Martin came in later and by VJ-day more than 3,000 Superfortress had been delivered. This was a fantastic achievement because each represented five or six times the technical effort of any earlier bomber. In engine power, gross weight, wing loading, pressurization, armament airborne systems and even basic structure the B-29 set a wholly new standard.

B-29 dropping bombs
Boeing B-29 Superfortress dropping bombs on their targets.

Meanwhile, the 58th Very Heavy Bombardment Wing became the first unit to use the new strategic bomber.
Late in 1943 it was decided not to employ the Superfortresses in Europe but to concentrate them in the Pacific, where the 20th Bomber Command was ready to attack Japanese objectives from bases in India and China. The first aircraft reached these bases in the spring of 1944, and the first strategic mission set out for Bangkok on June 5.

Ten days later a B-29 force carried out the first strategic bombing mission against Japanese territory. That summer five other bases were readied in the Marianas: two in Guam, two in Tinian and one in Saipan. It was from these bases that the Superfortresses took off on their most devastating missions. The first raid on Tokyo took place on Novem­ber 24, 1944. By 1945 20 groups from the Marianas were sending 500 B-29s at a time to flatten and burn Japan’s cities.
Until August 6, 1945, the B-29s specialized in incendiary raids, first by day and then at night and at low altitude. There was little that Japanese fighters could do against them, and among the cities bombed by the B-29s were Tokyo, Nagoya, Osaka and Kobe.

The B-29C had all guns except those in the tail removed, increasing speed and altitude. After the war there were 19 variants of B-29, not including the Washington B.I supplied to help the RAF in 1950 to 1958.

Users: USAAF.

Pictures about B-29 Superfortress

Specifications for Boeing B-29 Superfortress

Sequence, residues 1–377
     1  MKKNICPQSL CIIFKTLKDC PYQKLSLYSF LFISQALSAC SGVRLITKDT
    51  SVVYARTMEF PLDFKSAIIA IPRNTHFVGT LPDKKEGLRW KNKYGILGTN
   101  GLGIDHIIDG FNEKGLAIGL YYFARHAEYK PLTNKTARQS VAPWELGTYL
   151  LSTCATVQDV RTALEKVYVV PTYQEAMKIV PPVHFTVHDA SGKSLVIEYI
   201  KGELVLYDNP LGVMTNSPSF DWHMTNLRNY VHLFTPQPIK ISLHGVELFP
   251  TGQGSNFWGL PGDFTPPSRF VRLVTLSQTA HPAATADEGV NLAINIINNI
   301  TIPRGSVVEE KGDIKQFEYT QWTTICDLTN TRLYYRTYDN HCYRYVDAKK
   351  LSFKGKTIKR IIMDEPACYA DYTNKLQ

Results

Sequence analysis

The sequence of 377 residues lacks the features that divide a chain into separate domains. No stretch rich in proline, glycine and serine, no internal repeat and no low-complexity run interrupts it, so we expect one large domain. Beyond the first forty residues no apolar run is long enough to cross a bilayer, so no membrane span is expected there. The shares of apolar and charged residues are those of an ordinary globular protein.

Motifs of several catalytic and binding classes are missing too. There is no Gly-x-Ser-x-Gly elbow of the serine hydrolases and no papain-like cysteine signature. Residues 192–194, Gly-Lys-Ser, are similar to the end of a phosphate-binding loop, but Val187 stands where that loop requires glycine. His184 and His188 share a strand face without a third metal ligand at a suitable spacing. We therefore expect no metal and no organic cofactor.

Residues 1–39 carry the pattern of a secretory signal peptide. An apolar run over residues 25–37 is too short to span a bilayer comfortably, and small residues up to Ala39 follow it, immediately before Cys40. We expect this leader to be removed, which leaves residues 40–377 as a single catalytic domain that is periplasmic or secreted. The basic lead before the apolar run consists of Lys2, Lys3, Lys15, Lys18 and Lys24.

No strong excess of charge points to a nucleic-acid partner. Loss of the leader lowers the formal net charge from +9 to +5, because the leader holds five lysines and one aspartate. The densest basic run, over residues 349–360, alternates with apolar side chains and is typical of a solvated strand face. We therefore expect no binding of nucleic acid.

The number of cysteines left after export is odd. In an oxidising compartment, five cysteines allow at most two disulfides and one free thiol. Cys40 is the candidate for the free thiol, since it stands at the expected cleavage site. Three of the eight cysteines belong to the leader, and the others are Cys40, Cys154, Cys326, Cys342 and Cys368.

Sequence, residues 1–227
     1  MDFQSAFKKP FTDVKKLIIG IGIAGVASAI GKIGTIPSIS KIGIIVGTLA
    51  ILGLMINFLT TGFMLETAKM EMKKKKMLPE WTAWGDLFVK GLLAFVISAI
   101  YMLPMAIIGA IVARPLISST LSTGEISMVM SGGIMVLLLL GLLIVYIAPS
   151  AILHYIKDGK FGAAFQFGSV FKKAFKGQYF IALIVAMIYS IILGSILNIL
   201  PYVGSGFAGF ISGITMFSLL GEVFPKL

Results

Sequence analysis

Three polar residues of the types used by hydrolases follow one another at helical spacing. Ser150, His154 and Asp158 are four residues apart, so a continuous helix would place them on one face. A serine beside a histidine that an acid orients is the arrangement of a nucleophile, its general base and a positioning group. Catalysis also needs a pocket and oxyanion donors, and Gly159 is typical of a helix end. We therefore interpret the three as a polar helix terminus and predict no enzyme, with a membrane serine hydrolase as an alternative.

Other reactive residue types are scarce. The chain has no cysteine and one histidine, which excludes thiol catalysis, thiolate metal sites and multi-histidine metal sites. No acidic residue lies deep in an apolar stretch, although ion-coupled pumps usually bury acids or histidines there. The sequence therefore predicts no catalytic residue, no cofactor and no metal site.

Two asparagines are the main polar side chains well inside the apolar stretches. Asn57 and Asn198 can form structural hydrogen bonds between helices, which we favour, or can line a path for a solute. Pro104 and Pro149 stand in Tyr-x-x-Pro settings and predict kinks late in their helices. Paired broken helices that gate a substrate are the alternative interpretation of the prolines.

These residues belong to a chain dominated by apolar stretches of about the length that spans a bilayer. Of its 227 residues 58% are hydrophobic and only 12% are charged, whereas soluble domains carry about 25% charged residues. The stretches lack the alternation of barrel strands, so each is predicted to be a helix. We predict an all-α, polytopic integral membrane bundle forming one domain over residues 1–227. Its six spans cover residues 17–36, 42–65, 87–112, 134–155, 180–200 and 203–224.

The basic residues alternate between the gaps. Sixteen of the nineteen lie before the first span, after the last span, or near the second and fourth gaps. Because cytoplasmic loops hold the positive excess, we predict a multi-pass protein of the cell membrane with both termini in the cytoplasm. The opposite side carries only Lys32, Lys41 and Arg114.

Boeing B-29 Superfortressspecification
Typelong-range and high-altitude heavy bomber
Power plant 4 x 2,200hp Wright R-3350-23 Duplex Cyclone 18-cylinder radials each with two exhaust-driven turbochargers
Accommodation10 - 14
Wing span141 ft 3 in
Length overall99 ft
Height overall27 ft 9 in
Weight empty 74,500 lb
Weight loaded 135,000 lb
Max level speed 357 mph at 30,000 ft
Cruising speed 290 mph
Climb to 25,000 ft 43 mins
Service ceiling 36,000 ft
Range 3,250 miles (with 10,000 lb bomb load)


Boeing B-29 Superfortressspecification
Turrets Four GE twin-0.50 in machine guns (1100 rpm, velocity 2500 ft.sec) in turrets above and below, sighted from nose or three waist sighting stations
Bell tail turret with own gunner and one 20mm cannon (800 rpm, velocity 2750 ft.sec])and twin 0.50in MG
Bomb load Internal up to 20,000 lb. With modifications carried one nuclear bomb or two 22,000 lb bombs externally under inner wings

Service statistics:

Boeing B-29 Superfortressfigures
First flight (prototype)21 September 1942
Pre-production YB-2926 June 1943
Service deliveryJuly 1943
First combat mission5 June 1944
Termination of productionMay 1946
Total production figure 3,970

Animated 3D model of B-29 Superfortress

References and literature

Combat Aircraft of World War II (Bill Gunston)
Technik und Einsatz der Kampfflugzeuge vom 1. Weltkrieg bis heute (Ian Parsons)
Das große Buch der Luftkämpfe (Ian Parsons)
Luftkrieg (Piekalkiewicz)
Flugzeuge des 2. Weltkrieges (Andrew Kershaw)
World Aircraft World War II (Enzo Angelucci, Paolo Matricardi)
The Encyclopedia of Weapons of World War II (Chris Bishop)

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2 thoughts on “B-29 Superfortress”

  1. R. L. Hails Sr. P.E. (Ret.)

    I recommend a rare history, The Bell Bomber Plant, Joe Kirby, Arcadia Publishing. The plant in Marietta Georgia, near Atlanta, produced 668 B – 29s during the war, two per day at maximum output. It was one of three Boeing plants and one Martin plant. Bell Bomber employed roughly 28,000 men and women who worked in buildings totaling 4,200,000 Sq. Ft. Many were farmers who proved to be superb in working with machines somewhat more complicated than a tractor. The plane even used a crude computer to control its massive firepower of 50 cal. machine guns, in the 1940s! A million aspects were enormous advances in technology, performed on a crushing war schedule.
    One B – 29 is on display at the Udvar Hazy museum at Dulles airport Virginia.

  2. Of the three B29’s used by the USSR to build a copy, the one chosen for pattern had 3 patches where AAA damage had been repaired. So great was the fear of Stalin that every Tu4 Bull had those three patches lest “The Boss” think he was not obeyed!